Each root was cut horizontally at a slow-speed using a water-cooled diamond saw (Isomet; Buehler, Lake Bluff, IL, USA) at depths of 4, 7, and 10 mm to produce slices approximately 1-mm thick rom each root region (i.e. apical, middle, and coronal). The thickness of each slice was measured using a digital caliper (Teknikel, Istanbul, Turkey) to an accuracy of 0.001 mm. Both the apical and coronal aspects of the specimens were then microscopically examined to confirm a circular canal shape. [19] All slices were then scanned, and the diameters of filling materials measured using an electronic scale in software (Adobe Photoshop) to determine the diameters of plungers to be used for the push-out test. The push-out test was performed in a universal testing machine (Instron Corp., Canton, MA, USA) by applying a continuous load to the apical side of each slice using 0.7-, 0.8-, and 0.9-mm diameter cylindrical plungers, respectively, matching the diameter of each canal third. The diameter of plungers was approximately 80% of the canal diameters. Loading was applied at a crosshead speed of 1 mm/min from the apical to the coronal direction until bond failure occurred. The maximum load applied to filling material before failure was recorded in newton and converted to megapascal (MPa) according to the following formula:

Push-out bond strength MPa = N/A

Where N = maximum load (N) and A = adhesion area of root canal filling (mm 2 ).

Statistical analysis

The Kruskal-Wallis test was used to detect the effect of final irrigation activation techniques in the removal of the smear layer. Multiple comparisons were performed using the Mann-Whitney U-test. Two-way analysis of variance was used to detect the effect of the independent variables, final irrigant activation techniques (control, UA, CB, and MDA) and root canal thirds (coronal, middle, and apical), and their interaction on push-out bond strength. The Tukey post-hoc test was performed for multiple comparisons. The significance level was set at P < 0.05. All statistical analyses were performed using SPSS 16.0 software (SPSS Inc., Chicago, IL, USA) [  [Table 1].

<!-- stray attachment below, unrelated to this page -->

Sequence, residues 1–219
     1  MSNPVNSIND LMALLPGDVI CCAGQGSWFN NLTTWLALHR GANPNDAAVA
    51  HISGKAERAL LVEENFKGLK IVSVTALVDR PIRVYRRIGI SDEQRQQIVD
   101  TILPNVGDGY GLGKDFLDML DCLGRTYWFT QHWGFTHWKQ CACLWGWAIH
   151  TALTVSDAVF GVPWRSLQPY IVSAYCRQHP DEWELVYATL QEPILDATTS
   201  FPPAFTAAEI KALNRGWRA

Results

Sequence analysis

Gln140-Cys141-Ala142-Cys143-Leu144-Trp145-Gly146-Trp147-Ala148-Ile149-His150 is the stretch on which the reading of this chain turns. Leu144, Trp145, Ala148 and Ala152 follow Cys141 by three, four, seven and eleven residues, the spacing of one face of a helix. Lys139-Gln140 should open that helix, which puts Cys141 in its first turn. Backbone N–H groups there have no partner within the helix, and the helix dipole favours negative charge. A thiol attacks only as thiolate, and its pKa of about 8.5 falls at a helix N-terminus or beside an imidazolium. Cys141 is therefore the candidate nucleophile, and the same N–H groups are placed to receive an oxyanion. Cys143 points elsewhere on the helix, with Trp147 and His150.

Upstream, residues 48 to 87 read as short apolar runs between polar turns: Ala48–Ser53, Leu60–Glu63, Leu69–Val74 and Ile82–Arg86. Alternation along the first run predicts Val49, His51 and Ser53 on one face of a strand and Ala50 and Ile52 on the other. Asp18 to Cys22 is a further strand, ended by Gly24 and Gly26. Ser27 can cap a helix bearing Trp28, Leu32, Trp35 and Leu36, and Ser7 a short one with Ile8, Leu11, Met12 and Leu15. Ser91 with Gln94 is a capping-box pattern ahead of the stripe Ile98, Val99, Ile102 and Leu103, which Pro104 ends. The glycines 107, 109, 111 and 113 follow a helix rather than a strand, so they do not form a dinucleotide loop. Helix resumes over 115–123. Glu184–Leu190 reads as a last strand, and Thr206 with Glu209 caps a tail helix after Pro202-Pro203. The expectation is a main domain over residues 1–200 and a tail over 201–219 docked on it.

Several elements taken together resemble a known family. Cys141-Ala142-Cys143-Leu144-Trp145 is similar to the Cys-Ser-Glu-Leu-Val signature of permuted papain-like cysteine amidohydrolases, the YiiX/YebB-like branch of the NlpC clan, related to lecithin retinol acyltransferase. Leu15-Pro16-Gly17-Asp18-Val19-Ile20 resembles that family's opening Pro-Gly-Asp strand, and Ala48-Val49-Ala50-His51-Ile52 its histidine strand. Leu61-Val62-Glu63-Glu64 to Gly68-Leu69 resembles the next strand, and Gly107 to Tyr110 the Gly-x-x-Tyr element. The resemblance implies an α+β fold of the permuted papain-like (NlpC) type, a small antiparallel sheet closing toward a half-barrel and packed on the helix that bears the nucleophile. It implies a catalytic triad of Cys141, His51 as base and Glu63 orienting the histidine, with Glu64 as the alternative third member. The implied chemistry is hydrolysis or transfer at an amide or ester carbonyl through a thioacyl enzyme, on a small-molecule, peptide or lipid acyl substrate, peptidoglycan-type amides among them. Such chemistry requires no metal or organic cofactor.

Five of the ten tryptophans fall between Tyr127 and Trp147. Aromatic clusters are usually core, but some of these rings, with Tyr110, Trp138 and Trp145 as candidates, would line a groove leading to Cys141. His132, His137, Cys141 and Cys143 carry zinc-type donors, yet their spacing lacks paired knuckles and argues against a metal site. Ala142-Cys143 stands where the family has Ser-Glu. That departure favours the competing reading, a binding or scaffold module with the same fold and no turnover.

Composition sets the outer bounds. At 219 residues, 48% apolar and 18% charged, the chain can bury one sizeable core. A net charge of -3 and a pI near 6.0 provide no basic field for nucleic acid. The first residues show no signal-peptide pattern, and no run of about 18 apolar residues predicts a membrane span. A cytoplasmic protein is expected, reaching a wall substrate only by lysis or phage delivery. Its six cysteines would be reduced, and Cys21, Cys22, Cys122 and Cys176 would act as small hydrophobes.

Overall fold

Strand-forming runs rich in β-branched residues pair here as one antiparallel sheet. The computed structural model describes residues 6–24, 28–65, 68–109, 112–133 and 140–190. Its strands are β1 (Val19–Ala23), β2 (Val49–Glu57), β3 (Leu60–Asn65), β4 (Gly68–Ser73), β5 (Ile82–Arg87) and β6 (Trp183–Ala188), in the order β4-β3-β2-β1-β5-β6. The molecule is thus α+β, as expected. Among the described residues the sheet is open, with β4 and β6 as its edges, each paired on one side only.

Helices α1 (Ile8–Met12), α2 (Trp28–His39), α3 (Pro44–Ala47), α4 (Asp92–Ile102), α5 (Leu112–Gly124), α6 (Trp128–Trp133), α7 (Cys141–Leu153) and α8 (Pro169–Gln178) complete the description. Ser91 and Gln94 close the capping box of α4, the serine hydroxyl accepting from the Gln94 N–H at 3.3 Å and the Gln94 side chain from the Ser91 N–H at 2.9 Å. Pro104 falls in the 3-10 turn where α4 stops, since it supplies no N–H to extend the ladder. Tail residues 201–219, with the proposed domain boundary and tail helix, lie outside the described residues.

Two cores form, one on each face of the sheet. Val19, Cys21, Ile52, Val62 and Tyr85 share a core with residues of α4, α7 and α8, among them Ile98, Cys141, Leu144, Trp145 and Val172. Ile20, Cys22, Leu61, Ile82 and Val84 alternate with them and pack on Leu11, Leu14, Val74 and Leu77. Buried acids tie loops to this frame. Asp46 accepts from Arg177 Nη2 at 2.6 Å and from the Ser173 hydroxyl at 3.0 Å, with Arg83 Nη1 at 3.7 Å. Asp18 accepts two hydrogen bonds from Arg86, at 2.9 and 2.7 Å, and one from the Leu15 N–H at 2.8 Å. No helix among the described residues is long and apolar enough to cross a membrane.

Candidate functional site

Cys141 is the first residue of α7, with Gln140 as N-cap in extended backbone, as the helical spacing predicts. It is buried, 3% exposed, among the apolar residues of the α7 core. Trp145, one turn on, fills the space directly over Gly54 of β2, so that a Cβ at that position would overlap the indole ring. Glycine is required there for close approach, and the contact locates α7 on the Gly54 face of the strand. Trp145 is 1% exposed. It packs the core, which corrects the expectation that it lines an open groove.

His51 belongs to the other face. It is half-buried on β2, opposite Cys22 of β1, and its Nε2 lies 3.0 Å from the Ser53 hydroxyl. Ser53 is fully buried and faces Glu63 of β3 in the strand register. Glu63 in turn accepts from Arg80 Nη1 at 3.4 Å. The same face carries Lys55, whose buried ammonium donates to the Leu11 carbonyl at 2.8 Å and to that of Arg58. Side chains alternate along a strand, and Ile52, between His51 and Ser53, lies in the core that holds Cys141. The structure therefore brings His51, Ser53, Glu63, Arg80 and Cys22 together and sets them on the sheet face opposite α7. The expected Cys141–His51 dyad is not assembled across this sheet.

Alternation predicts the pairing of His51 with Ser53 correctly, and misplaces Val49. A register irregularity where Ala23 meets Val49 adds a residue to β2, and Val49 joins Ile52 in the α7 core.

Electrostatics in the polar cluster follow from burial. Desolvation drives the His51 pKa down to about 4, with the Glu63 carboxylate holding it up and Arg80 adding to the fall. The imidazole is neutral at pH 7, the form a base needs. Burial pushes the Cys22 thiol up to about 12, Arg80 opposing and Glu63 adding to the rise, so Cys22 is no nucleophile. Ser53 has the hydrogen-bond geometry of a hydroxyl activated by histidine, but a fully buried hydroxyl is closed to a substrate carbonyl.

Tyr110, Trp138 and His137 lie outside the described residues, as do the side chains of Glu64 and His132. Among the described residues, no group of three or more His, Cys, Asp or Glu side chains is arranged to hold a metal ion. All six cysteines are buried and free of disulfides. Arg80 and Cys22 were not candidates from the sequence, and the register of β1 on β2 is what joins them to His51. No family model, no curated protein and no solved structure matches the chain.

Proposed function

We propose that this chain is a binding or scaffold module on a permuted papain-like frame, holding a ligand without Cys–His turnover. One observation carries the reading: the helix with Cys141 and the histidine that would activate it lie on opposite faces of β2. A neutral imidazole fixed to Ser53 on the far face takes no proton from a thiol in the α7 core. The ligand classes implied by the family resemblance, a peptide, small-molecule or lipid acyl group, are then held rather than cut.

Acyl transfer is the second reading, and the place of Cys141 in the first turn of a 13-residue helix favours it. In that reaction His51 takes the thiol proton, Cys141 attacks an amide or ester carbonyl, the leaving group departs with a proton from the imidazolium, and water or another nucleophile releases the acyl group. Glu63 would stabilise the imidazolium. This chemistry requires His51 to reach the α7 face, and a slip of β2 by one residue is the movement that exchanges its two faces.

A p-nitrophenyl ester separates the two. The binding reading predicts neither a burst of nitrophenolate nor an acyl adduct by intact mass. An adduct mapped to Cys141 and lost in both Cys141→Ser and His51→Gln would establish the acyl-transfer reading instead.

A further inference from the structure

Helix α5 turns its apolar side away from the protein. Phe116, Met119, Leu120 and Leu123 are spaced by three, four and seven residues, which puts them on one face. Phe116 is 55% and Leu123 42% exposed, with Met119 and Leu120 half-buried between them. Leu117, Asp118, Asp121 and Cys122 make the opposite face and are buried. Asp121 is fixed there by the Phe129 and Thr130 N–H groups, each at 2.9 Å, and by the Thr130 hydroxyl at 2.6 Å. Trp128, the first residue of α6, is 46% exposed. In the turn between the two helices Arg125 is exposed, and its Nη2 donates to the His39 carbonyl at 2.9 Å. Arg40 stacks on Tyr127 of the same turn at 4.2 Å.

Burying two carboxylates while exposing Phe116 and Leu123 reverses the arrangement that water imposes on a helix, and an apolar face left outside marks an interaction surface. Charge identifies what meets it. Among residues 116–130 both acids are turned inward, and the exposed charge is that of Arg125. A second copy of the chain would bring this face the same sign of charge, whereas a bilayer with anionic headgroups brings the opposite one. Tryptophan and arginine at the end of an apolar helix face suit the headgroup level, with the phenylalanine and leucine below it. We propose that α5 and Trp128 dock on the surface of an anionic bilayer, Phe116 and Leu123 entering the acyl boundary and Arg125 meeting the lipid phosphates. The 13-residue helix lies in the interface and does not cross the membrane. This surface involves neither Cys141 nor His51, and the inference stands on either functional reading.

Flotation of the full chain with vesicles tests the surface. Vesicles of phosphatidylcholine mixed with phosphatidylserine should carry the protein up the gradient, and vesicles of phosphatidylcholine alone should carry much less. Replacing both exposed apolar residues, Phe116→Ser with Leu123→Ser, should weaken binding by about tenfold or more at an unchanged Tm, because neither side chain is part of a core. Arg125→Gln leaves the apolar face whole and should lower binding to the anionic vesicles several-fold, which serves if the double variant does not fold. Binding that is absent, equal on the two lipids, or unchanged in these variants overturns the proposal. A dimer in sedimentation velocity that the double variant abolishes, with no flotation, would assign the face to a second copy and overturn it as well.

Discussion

Table 1: Push-out bond strengths of all groups in Coronal, Middle and Apical Third

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   Results Top

The removal of smear layer

The Kruskal-Wallis statistic showed a significant difference among the groups with respect to the smear layer (P < 0.05). The Mann-Whitney statistic showed that the UA group had a higher number of open dentinal tubules in the coronal and middle thirds when compared with the other groups (P < 0.05). Also, the MDA group had a higher number of open dentinal tubules in the apical third than the other groups (P < 0.05).

Push-out bond strength test